But there’s little denying the familial, easygoing atmosphere among DWTS Ireland’s contestants. Each of them doubtless want to stay in the competition, but they are a tight group, enjoying another’s highs and commiserating together on lows. (In the absence of any evident romance between contestants, a regular occurrence on the British version of the show, fans have honed in on a “bromance” between Jake Carter and Rob Heffernan.)
“I think what happens on a show like this is people are together for so many weeks, rehearsing before they get to the studio, so it becomes very collegiate. A sort of Stockholm Syndrome takes over,” says executive producer Larry Bass.
Herein, I suspect, lies the ongoing success of the Strictly format. The “I’m not here to make friends” iteration of reality TV has long been supplanted by something much more cheery and benign, and the enthusiasm of DWTS’s contestants is infectious. It’s this warm glow, coupled with the glamour of the costumes, and the physicality of the challenging routines, that has birthed a winning formula.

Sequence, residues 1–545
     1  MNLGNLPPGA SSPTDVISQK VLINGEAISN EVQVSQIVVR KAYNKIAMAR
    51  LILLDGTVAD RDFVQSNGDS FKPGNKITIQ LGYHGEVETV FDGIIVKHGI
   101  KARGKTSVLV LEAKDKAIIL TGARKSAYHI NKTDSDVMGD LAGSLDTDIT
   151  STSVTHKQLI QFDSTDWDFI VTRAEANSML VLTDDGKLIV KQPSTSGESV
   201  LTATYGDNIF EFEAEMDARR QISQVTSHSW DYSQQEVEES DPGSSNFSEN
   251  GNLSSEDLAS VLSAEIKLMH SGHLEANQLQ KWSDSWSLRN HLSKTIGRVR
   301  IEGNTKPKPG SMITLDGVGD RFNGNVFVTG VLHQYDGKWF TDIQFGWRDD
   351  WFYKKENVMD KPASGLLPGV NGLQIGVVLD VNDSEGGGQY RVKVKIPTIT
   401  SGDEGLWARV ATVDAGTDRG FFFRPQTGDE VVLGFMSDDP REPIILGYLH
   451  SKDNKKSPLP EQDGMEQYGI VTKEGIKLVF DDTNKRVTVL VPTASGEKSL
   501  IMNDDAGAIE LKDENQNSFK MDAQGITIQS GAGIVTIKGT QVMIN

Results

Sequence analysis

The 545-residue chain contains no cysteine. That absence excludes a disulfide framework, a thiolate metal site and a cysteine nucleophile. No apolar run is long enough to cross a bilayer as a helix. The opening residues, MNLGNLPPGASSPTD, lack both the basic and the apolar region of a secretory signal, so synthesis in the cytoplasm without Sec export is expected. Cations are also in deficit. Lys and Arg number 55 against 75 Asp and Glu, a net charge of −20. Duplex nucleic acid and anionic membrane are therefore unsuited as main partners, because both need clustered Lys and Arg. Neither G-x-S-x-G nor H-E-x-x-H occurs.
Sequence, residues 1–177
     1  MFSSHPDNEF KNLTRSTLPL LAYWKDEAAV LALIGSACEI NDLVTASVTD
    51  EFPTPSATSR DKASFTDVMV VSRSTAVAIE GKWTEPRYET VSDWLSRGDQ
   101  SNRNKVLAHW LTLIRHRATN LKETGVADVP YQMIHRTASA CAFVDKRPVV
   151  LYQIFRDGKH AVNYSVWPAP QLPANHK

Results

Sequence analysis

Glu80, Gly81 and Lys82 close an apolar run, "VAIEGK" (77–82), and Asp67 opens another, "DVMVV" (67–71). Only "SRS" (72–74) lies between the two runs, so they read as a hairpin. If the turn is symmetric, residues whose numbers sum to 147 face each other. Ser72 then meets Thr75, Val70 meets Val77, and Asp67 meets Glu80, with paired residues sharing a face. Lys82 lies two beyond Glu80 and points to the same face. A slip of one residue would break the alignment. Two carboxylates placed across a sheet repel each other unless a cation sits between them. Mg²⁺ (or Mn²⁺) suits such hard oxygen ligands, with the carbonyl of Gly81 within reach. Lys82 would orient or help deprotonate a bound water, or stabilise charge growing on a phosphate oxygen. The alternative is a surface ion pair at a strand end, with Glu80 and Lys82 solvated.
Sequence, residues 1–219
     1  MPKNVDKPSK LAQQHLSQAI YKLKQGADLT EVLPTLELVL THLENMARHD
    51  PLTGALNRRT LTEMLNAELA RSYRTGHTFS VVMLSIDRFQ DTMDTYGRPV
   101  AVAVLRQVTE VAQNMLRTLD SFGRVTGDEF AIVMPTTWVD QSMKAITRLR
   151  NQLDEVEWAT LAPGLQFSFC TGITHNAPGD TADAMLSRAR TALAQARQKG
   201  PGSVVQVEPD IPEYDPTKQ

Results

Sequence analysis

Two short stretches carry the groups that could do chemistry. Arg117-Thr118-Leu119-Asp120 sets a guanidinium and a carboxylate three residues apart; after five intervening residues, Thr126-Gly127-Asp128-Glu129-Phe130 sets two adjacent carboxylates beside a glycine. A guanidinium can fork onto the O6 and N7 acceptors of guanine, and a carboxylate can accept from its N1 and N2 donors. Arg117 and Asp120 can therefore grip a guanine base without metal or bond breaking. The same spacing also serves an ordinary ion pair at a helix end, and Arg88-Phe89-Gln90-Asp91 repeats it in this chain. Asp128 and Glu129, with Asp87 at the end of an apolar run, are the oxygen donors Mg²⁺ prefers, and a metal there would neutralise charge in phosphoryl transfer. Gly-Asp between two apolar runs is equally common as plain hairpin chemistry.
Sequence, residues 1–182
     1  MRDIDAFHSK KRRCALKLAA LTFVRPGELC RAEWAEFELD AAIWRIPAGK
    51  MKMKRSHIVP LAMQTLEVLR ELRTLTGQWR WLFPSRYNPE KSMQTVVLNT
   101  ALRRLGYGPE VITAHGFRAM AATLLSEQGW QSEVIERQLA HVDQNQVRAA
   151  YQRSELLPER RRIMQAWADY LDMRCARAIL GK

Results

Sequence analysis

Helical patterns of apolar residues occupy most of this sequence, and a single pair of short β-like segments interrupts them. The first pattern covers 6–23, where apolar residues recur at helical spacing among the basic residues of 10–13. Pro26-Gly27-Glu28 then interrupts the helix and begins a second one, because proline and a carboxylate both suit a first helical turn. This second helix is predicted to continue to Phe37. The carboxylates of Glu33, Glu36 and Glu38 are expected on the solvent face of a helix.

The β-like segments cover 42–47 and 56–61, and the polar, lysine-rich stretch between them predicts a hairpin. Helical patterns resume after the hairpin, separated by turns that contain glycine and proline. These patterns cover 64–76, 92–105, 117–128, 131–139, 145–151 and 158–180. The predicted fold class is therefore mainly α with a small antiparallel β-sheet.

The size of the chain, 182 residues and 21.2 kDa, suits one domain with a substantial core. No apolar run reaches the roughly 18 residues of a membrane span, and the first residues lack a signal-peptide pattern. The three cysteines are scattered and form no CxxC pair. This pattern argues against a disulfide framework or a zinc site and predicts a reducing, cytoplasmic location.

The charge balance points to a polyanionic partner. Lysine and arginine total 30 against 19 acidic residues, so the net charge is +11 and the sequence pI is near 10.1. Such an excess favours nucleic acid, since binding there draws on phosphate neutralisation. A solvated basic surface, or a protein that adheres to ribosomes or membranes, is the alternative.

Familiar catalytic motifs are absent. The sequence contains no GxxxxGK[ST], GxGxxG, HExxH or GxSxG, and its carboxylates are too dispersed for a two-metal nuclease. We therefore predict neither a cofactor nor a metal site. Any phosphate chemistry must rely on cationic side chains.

Before last year, Bass had spent 11 years trying to get DWTS on to Irish screens. Shinawil Productions has long had stellar form in live TV, and the production appears effortlessly polished, run by a well-greased machine of hundreds. (“This is by far the slickest small show in a production sense,” affirms Bennett).
“Strictly is an international television format, and we create the show according to a structured bible, to be true to the original [series] but bring a little Irish twist from a design point of view,” explains Bass. “If you look at the pillars and lanterns, they’re a nod to Clery’s, while the booths around the dance-floor are different to any other version of the show in the world, and [evoke] the old Irish ballrooms.”
That’s not to say that things don’t occasionally go wrong: “We have paramedics here all day Saturday and Sunday, not just for the dancers but for crew,” explains Bass. “That’s the nature of the beast unfortunately. We’ve had lots of dancers suffer an injury, and have to go out and dance through sheer pain. Denise McCormack last year couldn’t do half the dances in rehearsals [owing to injury], but had to do it on the night.”